In one embodiment, the IP/MPLS core network may comprise various types of customer endpoint devices connected via various types of access networks to a carrier (a service provider) core infrastructure over an Internet Protocol/Multi-Protocol Label Switching (IP/MPLS) based core backbone network. Broadly defined, a VoIP or SoIP network is a network that is capable of carrying packetized data for voice or other data services over the IP network. The present invention is described below in the context of an illustrative VoIP network. Thus, the present invention should not be interpreted as limited by this particular illustrative architecture.

The customer endpoint devices can be either Time Division Multiplexing (TDM) based or IP based. TDM based customer endpoint devices 122, 123, 134 and 135 typically comprise of TDM phones or Private Branch Exchange (PBX). IP based customer endpoint devices 144 and 145 typically comprise IP phones or IP PBX. The Terminal Adaptors (TA) 132 and 133 are used to provide necessary interworking functions between TDM customer endpoint devices, such as analog phones, and packet based access network technologies, such as Digital Subscriber Loop (DSL) or Cable broadband access networks. TDM based customer endpoint devices access VoIP services by using either a Public Switched Telephone Network (PSTN) 120, 121 or a broadband access network 130, 131 via a TA 132 or 133. IP based customer endpoint devices access VoIP services by using a Local Area Network (LAN) 140 and 141 with a VoIP gateway or router 142 and 143, respectively.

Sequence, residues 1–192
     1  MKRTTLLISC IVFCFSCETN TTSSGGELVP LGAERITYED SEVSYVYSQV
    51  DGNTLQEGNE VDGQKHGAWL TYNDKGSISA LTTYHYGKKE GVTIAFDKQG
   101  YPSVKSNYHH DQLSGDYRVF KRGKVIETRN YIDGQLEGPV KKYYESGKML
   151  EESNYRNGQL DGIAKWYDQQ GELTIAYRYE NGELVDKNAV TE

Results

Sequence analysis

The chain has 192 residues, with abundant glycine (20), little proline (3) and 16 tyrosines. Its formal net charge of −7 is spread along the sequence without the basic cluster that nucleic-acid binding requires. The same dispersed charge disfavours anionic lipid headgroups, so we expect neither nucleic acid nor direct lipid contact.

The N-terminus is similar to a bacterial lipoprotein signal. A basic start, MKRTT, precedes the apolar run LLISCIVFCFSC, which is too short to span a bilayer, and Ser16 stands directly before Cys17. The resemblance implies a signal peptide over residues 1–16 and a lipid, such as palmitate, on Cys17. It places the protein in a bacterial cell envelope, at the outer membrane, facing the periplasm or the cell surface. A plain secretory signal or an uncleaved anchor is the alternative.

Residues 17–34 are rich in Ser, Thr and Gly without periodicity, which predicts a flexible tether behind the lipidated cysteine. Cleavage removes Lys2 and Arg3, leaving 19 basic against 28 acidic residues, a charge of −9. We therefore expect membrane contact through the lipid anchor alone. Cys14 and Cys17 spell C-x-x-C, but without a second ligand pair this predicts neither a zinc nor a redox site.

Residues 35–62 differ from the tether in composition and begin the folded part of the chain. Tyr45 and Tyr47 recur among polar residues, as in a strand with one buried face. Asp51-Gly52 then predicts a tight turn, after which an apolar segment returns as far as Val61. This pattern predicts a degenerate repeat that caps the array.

The access network can be either TDM or packet based. A TDM PSTN 120 or 121 is used to support TDM customer endpoint devices connected via traditional phone lines. A packet based access network, such as Frame Relay, ATM, Ethernet or IP, is used to support IP based customer endpoint devices via a customer LAN, e.g., 140 with a VoIP gateway and router 142. The customer gateway/router is connected to an access network, 170. A packet based access network 130 or 131, such as DSL or Cable, when used together with a TA 132 or 133, is used to support TDM based customer endpoint devices.